We delicately explained our concern and told her we needed to see that she was ready for the responsibility. We expected she would understand that our rule didn’t entitle our kids to a phone when they turned 13 and that she would get one when she was ready. She did understand. And she came up with a plan for how to address our concerns.

(She did get the phone. But we also made sure she had a case that NASA scientists would have difficulty cracking open.)

Even parental praise can differ in type and frequency. Every child needs praise — their personality will dictate the when and how. Take the child who normally acts out. When (s)he controls his or her behavior, praise can be instrumental in improving the behavior. It teaches the child that they get a positive response when they behave as expected. That child may need to be praised more often than the child who withdraws.

Challenges with tailored discipline

Tailoring discipline might seem self-evident, but it can be more difficult to put into practice than we realize. When stressed, we often revert to our innate style of parenting. Maybe you’re in a rush to get out the door or you’ve had a terrible day at work. You want the simplest way to parent, which is the one that comes most naturally to you. You’re human, after all.

Added to that, we all have unconscious biases that we bring to the table as parents. For example, humans naturally have a confirmation bias, meaning we seek information that aligns with a preexisting belief. This bias could’ve made me (or my husband) more inclined to notice when our spirited child did something out of line because it confirmed our beliefs.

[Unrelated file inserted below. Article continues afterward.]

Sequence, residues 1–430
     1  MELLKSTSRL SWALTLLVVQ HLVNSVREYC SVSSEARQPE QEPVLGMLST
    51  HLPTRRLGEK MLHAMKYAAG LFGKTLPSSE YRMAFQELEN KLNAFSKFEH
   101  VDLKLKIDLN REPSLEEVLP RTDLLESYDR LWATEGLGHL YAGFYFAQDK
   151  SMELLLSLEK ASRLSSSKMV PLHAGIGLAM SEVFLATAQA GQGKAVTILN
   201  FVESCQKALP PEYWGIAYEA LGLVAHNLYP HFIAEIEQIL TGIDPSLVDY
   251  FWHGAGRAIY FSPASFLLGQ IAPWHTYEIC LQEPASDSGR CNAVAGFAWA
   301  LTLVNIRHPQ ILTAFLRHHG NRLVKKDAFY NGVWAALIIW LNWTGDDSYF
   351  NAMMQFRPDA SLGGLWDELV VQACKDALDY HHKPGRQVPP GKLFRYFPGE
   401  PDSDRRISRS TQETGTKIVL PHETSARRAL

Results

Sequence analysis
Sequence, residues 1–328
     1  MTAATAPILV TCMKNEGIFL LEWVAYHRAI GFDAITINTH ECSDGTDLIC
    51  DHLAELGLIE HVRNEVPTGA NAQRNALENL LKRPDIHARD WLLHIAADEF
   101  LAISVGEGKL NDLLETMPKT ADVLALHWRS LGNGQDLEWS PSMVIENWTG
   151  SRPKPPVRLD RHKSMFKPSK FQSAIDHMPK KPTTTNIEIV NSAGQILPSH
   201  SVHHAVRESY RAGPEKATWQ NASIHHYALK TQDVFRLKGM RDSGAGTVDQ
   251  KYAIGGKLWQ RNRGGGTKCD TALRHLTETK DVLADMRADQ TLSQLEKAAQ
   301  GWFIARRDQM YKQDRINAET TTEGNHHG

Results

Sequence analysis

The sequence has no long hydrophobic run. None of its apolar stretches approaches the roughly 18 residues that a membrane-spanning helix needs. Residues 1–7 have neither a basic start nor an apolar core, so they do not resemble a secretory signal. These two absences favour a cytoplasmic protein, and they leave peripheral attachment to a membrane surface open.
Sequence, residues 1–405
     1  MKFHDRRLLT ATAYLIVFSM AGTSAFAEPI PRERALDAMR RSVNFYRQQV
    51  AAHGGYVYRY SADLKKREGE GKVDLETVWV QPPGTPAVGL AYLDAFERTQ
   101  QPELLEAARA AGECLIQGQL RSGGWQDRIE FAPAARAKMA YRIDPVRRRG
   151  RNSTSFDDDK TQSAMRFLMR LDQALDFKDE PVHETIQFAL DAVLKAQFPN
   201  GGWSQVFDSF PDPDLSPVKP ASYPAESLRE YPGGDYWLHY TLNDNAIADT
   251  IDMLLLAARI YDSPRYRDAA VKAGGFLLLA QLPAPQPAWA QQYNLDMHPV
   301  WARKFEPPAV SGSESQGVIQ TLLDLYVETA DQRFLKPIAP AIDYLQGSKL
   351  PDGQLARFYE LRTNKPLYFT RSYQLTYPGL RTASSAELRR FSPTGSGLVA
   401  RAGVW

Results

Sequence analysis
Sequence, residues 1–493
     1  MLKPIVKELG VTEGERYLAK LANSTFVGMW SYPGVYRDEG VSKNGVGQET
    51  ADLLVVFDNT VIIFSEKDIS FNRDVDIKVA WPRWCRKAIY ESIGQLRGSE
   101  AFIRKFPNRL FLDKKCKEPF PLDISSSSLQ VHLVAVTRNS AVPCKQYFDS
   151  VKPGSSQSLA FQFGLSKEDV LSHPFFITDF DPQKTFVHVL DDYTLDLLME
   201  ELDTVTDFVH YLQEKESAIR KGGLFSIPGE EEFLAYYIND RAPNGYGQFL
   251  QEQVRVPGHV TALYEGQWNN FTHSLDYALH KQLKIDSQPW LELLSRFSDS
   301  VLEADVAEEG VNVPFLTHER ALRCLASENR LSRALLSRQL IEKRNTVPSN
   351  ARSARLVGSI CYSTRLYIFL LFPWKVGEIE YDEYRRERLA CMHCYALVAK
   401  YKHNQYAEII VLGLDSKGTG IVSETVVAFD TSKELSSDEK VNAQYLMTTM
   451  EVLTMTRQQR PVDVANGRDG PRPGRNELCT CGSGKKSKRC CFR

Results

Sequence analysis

Or we might reinforce gender stereotypes by having a daughter do only household chores while the son is given more physically demanding chores.

We often make assumptions based on birth order, expecting more from the eldest child than the “baby” of the family, for example. Or we parent the way we were raised.

This is not an exhaustive list of the biases we have as parents. But the challenge is to self-reflect and become aware of our biases. We need to understand not only our children but ourselves to tailor our parenting properly and effectively.

If we are only seeking information consistent with our viewpoint, we should read up on contrary viewpoints. And we’d do well not to expect certain behaviors based on birth order or gender. Gender and birth order stereotyping limit children’s potential, such as teaching girls to be obedient and boys not to express emotions.

Communication is key

I don’t claim that my husband and I always parent effectively or even properly. Hardly. Like most parents, we’ve lost our cool when we were stressed, we’ve taken the easy route if we’re overly tired, and we struggled to adapt our parenting styles for each child — just to name a few.

But we did learn that open communication with all of our children was vital. It creates a space where kids can feel comfortable coming to you to express their thoughts and concerns. The parenting journey becomes a collaborative learning process with your kids.

Be compassionate with yourself

Parenting is not easy. It’s an ongoing learning exercise. But I’m a firm believer that we should be compassionate with ourselves when we make mistakes as parents.

Instead of beating ourselves up, learn from the experience and maybe even discuss it with our child. Own our mistakes. By doing this we model taking responsibility for one’s actions while also forgiving ourselves.

Parenting isn’t a rigid rulebook. It’s a dynamic, ever-evolving endeavor. And compassionate self-reflection combined with adapting your approach to each child could be the key to unlocking their full potential.

This article was originally published at Medium. Republished with permission from the author.